The Patriarchy in Your Head
Patriarchy’s most dangerous power might be the one we carry inside.
About a year ago, I saw a post on social media from my friend and fellow coach, Brigid Dineen, on Facebook. She posed the question “What if your inner critic is really the patriarchy in disguise?”
This question acted as a lightning rod for a pattern of questions swirling around in my own head about how women can overcome self-criticism and gender-based social conditioning. Feminine conditioning — what women learn throughout our lives about what it means to be a woman — is mostly unconscious and often triggers shame, leaving women with the overwhelming feeling that they can never be enough. It drives us to think and act and behave in a variety of ways, most of which are against our own interests. It’s also a form of internalized oppression. (If you want to learn more about this, Brigid and I discussed it on her podcast this summer)
What this means for women is that it’s coded into our social conditioning to uphold and defend the patriarchy, whether we intend to or not. I can see you shaking your head and declaring that you’d never do this but hear me out. Consider these stories of real women (names and some details have been changed):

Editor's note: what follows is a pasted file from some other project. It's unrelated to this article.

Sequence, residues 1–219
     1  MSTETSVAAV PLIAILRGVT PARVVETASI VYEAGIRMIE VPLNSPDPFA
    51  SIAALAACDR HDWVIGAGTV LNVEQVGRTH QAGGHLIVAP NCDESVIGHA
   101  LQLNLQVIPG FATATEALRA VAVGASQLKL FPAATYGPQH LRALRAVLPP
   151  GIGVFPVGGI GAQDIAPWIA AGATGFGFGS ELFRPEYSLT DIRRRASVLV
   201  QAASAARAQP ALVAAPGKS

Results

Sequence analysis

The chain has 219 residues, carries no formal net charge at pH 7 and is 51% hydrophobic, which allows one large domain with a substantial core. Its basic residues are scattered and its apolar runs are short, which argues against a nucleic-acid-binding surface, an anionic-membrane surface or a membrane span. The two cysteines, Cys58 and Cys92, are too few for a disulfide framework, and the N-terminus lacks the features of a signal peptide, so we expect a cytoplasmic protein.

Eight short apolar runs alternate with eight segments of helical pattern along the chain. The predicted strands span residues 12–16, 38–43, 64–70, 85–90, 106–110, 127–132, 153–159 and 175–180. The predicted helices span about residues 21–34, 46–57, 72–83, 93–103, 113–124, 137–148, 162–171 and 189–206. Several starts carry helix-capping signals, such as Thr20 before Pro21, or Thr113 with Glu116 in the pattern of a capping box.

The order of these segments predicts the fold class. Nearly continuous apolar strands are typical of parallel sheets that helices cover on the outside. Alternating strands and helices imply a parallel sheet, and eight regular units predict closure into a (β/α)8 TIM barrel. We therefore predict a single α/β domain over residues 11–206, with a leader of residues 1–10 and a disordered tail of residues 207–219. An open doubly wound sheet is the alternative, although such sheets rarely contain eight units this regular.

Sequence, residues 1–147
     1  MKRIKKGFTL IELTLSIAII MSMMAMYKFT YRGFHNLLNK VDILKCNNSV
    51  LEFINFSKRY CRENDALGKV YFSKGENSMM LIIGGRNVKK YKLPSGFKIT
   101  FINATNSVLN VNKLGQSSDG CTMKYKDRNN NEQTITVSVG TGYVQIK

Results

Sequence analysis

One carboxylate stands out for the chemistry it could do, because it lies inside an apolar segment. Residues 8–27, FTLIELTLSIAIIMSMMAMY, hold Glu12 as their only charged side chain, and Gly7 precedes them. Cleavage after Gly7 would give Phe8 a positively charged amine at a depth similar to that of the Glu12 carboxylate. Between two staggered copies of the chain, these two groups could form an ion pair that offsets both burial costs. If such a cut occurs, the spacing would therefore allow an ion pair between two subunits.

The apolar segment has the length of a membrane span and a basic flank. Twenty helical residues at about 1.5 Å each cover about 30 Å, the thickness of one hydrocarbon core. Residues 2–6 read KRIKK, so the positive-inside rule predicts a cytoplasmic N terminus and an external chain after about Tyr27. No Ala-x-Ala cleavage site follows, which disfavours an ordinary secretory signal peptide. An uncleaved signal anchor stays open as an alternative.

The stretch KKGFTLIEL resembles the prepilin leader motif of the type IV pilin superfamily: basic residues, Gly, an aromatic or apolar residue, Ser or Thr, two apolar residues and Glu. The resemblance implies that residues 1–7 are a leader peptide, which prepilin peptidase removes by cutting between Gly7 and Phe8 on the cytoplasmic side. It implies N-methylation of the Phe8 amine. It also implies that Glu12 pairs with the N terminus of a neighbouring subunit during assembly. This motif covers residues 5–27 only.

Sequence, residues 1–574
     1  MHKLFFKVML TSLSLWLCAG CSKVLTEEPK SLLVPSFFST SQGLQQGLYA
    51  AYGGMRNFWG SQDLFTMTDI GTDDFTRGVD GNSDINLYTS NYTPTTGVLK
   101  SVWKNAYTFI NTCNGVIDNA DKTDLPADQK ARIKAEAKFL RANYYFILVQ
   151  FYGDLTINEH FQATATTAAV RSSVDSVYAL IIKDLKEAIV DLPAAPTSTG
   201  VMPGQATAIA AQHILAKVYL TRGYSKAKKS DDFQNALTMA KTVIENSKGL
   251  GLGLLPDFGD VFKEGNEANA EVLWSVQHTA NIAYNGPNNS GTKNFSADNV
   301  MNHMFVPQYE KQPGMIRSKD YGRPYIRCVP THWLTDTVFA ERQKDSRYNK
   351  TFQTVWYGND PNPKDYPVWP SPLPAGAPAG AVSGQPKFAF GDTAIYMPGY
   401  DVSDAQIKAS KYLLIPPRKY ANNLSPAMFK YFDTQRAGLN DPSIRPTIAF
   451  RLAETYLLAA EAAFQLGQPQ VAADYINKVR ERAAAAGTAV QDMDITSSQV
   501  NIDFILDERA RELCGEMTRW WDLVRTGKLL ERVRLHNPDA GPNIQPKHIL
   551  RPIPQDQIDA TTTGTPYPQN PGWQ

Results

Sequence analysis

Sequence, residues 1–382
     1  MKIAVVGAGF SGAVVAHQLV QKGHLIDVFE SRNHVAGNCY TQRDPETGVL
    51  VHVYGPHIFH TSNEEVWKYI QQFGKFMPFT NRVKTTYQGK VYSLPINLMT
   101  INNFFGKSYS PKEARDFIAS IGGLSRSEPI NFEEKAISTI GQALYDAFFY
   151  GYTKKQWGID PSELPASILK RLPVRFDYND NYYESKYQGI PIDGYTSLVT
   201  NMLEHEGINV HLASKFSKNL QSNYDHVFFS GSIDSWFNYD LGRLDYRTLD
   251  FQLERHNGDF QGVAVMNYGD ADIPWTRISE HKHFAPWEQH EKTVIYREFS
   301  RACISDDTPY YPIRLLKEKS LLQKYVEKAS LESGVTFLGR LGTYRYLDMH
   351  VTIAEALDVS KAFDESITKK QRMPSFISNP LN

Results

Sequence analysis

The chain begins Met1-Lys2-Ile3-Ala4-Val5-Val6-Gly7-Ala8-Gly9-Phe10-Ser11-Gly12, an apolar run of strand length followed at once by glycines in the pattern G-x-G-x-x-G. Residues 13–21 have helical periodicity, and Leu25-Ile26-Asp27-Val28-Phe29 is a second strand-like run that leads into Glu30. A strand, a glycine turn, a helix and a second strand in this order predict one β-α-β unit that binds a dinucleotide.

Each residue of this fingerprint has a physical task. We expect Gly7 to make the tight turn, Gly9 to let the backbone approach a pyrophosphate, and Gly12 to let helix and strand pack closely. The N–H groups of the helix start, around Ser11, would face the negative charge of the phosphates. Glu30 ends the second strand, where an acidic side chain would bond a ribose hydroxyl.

Sally works as an engineer for a software company. She’s the only woman on her team and though she often gets left out of the communication loop by the men she works with, she’s very good at her job. Her boss gets promoted and tells Sally that he’d like to recommend her as his replacement and that he thinks she has a good chance, but she will have to interview for the job. Although she wants to advance, Sally is worried that she isn’t ready and that she might not be able to handle the role. Even though she’s performing well at work, she fears that she might not be qualified for the job she’s in, much less the next rung up the ladder. Ultimately, she decides not to apply.
Kayla is an artist, but she doesn’t sell her work. She gives it away to friends and family who are always telling her how talented she is. A local gallery has taken an interest, and a friend has offered to help her build a website, but she hasn’t called either of them back. When she scrolls through the Instagram feeds of artists she admires, she worries that her own work is childish or somehow not enough. Plus, she cringes at the thought of a picture of her on the website or the thought of being the center of attention at the art show because she’s uncomfortable about her weight.
What do these situations have in common? These women weren’t technically shut down by patriarchal systems, but they shut themselves down rather than challenge patriarchal ideas and culture. These are difficult situations with real-life consequences and they are just two examples of how women shut themselves down because we’ve been taught that anything less than perfection is not good enough. The stories above dealt with women that held themselves back professionally, but they just as easily could have been about any area of life. Most women push themselves to be perfect at everything they do — work, parenting, fitness, relationships — and then become their own worst critics when they fall short.